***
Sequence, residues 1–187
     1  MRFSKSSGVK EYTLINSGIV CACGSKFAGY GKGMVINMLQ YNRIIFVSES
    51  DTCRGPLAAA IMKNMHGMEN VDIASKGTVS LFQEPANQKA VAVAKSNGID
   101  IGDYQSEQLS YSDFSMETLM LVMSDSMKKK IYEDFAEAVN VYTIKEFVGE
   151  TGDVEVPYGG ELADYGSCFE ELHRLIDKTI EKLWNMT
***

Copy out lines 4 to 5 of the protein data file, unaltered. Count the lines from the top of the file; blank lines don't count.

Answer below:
   101  IGDYQSEQLS YSDFSMETLM LVMSDSMKKK IYEDFAEAVN VYTIKEFVGE
   151  TGDVEVPYGG ELADYGSCFE ELHRLIDKTI EKLWNMT